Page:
Complexity. There are few in the composites industry with enough experience and knowledge of natural fiber reinforcements to work with them confidently; moreover, there is a large gap between different levels of the value chain. For example, processors of fibers often operate with comparatively low-tech equipment, while composites manufacturers are relatively high tech. Given this difference, there is a compelling need to bridge this gap between the different value chain actors and to educate the farmers, fiber processors and fabric makers on this new end-use of natural fibers, and to educate composites manufacturers on this new type of reinforcement and how it differs from synthetic fibers.
Trialability. Natural fiber reinforcements are mostly derived from plants grown in developing countries such as China, Bangladesh, India and Sri Lanka, while composites manufacturers are mostly located in the United States, western Europe and Japan. This geographic barrier makes it difficult for composites manufacturers to easily access natural fiber reinforcements for research. Moreover, the wide ban on planting hemp in certain countries significantly limits it trialability. Flax is an exception, since it’s mostly grown in France and Belgium, regions where many composites manufacturers are located. In fact, these regions’ easy and quick access to flax has significantly increased its trialability and has made it the most widely used natural fiber reinforcement.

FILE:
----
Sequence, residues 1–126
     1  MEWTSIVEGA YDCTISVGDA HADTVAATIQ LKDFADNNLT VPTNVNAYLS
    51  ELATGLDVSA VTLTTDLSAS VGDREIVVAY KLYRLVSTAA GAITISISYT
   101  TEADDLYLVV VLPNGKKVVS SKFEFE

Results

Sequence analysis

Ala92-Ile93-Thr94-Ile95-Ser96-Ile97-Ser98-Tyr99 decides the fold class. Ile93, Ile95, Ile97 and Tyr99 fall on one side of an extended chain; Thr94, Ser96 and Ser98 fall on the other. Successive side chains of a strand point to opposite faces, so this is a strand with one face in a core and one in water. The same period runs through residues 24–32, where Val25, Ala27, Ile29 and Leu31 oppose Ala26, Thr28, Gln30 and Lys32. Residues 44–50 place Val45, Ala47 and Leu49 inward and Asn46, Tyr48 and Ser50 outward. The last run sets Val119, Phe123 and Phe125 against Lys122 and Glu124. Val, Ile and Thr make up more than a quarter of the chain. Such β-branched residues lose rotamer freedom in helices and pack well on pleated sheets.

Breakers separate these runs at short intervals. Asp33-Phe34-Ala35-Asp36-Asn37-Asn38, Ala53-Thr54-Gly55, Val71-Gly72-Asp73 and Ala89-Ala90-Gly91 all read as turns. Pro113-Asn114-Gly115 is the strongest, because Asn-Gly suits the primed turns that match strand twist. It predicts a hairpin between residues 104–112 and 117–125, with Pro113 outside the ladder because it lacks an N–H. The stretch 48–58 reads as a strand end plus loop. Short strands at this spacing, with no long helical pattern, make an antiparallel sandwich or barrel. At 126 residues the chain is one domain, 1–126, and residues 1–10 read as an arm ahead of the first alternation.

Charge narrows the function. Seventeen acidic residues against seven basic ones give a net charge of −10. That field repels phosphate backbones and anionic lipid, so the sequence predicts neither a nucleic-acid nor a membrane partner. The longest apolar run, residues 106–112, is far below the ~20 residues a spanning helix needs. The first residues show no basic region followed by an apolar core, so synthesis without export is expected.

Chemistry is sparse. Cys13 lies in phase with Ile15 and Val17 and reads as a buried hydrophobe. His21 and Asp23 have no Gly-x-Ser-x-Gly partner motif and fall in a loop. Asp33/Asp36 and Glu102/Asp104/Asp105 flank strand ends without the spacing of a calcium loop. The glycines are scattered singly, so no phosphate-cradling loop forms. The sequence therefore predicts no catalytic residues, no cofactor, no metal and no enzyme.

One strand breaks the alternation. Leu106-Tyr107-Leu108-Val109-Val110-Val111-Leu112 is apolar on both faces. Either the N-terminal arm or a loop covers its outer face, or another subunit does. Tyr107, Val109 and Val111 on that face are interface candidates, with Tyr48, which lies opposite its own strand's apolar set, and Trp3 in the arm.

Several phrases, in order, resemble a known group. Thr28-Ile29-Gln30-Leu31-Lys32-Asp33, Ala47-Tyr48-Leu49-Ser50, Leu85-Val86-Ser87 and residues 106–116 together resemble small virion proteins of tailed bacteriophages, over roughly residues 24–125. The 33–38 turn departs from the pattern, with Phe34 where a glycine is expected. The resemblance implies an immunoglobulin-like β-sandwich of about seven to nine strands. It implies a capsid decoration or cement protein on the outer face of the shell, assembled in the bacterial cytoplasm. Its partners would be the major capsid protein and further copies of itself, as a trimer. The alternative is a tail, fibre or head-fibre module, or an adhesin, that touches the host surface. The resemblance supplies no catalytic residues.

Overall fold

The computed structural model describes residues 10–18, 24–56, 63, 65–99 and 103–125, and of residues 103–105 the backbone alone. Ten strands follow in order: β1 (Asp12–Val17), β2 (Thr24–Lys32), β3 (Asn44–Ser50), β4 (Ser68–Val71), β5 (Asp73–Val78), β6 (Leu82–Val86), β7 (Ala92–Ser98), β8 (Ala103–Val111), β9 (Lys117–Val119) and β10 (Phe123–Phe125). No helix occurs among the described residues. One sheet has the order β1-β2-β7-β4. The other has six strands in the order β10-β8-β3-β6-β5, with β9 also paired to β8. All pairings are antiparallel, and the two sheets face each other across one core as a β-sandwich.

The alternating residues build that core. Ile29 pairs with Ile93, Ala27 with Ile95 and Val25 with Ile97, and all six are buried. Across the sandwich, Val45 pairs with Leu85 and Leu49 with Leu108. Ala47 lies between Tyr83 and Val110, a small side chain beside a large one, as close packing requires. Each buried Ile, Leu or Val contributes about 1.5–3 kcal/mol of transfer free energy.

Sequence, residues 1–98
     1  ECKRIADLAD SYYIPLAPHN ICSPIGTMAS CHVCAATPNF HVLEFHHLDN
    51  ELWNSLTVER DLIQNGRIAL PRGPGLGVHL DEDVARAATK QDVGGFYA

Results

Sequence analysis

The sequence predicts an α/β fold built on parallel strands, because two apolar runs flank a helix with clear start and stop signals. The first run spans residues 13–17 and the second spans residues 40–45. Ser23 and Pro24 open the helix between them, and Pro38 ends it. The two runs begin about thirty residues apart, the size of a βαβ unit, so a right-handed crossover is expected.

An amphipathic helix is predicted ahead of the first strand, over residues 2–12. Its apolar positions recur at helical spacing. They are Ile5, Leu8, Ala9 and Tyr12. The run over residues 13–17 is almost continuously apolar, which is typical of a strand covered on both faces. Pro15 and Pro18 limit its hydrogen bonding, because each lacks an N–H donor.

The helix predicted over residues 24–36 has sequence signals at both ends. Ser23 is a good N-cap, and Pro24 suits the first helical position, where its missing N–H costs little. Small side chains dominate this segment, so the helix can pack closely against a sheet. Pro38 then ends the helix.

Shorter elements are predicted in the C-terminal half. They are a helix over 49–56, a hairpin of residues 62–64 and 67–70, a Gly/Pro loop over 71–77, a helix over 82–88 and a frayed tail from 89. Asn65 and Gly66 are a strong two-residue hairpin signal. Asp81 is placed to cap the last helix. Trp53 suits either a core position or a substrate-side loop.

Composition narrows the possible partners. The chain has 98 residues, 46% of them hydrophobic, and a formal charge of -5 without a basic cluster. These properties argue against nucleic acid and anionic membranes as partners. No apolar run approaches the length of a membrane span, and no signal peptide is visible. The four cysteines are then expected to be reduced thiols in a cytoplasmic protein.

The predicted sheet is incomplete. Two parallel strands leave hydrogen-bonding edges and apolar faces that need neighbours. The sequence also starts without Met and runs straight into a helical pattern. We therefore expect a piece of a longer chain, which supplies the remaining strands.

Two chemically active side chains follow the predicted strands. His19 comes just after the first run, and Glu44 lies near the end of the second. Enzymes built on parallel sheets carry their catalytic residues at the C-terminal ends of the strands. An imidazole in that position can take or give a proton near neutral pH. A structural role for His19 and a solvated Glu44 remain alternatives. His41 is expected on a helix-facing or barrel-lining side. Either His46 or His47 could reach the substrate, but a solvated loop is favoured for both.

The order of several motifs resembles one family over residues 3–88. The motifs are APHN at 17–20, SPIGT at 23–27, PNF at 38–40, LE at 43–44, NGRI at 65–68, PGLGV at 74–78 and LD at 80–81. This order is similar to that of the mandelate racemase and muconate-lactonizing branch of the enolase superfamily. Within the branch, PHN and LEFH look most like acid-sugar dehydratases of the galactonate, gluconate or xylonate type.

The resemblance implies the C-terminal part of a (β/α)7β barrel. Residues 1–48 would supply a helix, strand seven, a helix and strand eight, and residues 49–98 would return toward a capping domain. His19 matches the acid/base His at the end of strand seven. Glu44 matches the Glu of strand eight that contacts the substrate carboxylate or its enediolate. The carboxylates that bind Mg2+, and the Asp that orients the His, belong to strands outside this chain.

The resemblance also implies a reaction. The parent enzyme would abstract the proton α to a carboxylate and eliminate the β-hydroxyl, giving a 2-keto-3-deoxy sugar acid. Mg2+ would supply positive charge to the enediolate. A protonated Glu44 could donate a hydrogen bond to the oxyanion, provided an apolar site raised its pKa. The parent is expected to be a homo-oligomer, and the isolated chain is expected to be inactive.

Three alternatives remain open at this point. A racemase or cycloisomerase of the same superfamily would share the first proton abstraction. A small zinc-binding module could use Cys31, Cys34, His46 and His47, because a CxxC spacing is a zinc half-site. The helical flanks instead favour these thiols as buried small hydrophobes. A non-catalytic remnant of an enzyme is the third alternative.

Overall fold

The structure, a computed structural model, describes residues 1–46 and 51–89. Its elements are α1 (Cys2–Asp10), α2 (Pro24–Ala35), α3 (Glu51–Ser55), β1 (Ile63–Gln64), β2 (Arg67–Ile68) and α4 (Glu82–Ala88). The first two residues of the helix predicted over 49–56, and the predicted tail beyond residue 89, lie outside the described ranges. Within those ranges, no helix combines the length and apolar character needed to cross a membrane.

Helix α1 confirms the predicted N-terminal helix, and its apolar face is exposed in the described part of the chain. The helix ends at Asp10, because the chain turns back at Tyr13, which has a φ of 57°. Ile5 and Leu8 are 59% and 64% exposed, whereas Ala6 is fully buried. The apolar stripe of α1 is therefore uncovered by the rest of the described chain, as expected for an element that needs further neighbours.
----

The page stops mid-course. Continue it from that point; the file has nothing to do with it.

Communicability. This term refers to how easy it is for the user to see the benefits of using NFCs. The most important benefits of using natural fiber reinforcements revolve around environmental sustainability. These benefits include reduced carbon footprint, biodegradability and renewability. While these benefits are important, they are not easily recognized and appreciated by the potential user. There are, however, other direct benefits that can be easily perceived, such as light weight, high specific properties, good thermal insulation and vibration damping. The fact that NFCs’ most important benefits cannot be easily seen by the user, however, significantly limits their spread and adoption.
According to InTEXive, flax fiber was the most-consumed natural fiber at the end of 2018.
Overcoming the barriers